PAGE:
Evaluating Web Information 101

by Barbara J. Feldman on June 5, 2008

The evolution of the Internet has helped numerous people find information about many different subjects. If you are writing a paper, investigating a topic, or just looking for information, chances are you can find it online. The biggest question many people face with information is how to properly evaluate the information they have found. You need to check a web site for applicability, authenticity, bias, usability, and authorship. Here are a few other tips that can help you when you are evaluating information:

Resources — It is always important to check where the information you are getting is coming from. For example, if you are doing a research paper about medical malpractice, you will want to look at government web sites that contain this information. If you do a search for this information elsewhere, you may find the information you are receiving is coming from a biased opinion, and you aren’t getting “both sides” of information available. It is just important to remember that anyone can publish on the Internet, so be sure you are checking your sources.

Authority — This is particularly important when it comes to the Internet. “Authority indicates whether or not an individual, an organization, or an agency is recognized as an expert in a field and if that body is knowledgeable, qualified, and reliable.” Basically this means that you wouldn’t go to a veterinarian if you had a toothache! The proper authority indicates whether or not you are gaining the right information. Government agencies and academic organizations are often trusted with authority.

Qualifications and affiliation — How do you know if the author or the provider of information is qualified in this field of information? It should be clearly noted on the author’s biography or the information provider’s “about us” section. You should also find the author’s name or the source’s name clearly identified on the article. Check for affiliates as well. Many companies outsource information from an affiliate who is qualified.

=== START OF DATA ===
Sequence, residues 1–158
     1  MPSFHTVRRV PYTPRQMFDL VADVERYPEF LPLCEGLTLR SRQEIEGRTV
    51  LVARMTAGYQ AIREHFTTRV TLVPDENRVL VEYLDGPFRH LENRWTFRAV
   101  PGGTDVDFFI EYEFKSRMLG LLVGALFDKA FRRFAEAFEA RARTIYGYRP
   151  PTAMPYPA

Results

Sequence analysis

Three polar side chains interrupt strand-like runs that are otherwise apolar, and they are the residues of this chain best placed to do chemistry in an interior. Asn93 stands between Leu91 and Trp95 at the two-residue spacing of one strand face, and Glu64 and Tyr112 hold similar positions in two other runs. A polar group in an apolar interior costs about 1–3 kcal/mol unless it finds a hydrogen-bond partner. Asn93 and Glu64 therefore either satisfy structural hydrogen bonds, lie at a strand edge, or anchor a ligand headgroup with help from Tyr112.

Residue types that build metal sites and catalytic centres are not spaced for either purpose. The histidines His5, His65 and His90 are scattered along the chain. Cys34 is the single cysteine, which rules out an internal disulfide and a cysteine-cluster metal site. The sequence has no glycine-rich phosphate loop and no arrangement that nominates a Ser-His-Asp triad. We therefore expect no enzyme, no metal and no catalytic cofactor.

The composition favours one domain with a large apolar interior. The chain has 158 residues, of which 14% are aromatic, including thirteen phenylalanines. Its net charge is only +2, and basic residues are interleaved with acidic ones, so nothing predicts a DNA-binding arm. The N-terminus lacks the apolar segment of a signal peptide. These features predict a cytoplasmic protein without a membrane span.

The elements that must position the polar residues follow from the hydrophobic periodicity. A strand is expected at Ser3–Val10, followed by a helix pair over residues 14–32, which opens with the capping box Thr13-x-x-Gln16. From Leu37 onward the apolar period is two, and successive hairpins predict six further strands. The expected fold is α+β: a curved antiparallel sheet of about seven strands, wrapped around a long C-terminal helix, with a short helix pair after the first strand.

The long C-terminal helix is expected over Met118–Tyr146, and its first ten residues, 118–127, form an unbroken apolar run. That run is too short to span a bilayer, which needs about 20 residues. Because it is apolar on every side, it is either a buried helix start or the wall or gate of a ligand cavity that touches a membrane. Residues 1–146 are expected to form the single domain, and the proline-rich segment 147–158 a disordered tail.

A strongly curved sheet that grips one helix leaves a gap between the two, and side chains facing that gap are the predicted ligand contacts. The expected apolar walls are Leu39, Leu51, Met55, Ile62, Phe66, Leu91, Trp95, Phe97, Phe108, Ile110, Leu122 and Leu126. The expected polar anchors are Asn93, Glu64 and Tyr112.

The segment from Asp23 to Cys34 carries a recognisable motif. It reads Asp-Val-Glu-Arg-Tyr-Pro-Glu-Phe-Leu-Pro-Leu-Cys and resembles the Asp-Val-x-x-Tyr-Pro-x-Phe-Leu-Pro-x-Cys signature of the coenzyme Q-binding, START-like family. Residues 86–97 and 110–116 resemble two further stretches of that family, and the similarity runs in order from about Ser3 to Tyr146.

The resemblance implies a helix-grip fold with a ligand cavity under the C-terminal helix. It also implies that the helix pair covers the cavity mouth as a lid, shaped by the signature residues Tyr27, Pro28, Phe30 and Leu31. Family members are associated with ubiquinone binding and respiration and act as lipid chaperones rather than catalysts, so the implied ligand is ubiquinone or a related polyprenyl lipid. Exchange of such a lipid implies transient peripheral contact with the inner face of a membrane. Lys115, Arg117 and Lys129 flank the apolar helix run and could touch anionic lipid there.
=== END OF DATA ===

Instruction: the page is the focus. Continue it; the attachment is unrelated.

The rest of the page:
Check the URL — This is an easy way to evaluate the information you are receiving. Here are the definitions to the following URLs:

.edu — This indicates the information you are reading is from a higher education college or university.
.org — This identifies a non-profit organization.
.gov — This indicates that the information is coming from a government agency or organization.
.int — This information will be from an intergovernmental organization such as “NATO”.
.com — Of course this is the most widely used of all the URLs. A .com address indicates the information is coming from a commercial organization.
.mil — This information will be coming from a military organization.
.net — Network providers such as Verizon Wireless use .net addresses.
.info — This indicates the web site is a general information site.

That will give you a better understanding as to what type of information you can expect to see on a particular web site. You do need to be aware that many people have found ways around using the specified URLs and they can use certain sites for personal gain. Many universities have found that students use domains attached to the school to create opinion pages. If you have any doubt about the information you are reading, you should look for a contact person (either by phone or e-mail) and quality control (typically the information will have reviews by other editors.)

Another thing you should look for when you are evaluating information is the accuracy of the content. You should check for grammatical errors and evidence of bias opinions in the article. Overall, be sure to check your sources, and don’t just trust once source. It is always a smart idea to gain information from more than one source!

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Cite This Page

Feldman, Barbara. "Evaluating Web Information 101." Surfnetkids. Feldman Publishing. 5 Jun. 2008. Web. 18 Jul. 2014. <http://www.surfnetkids.com/tech/443/evaluating-web-information-101/ >.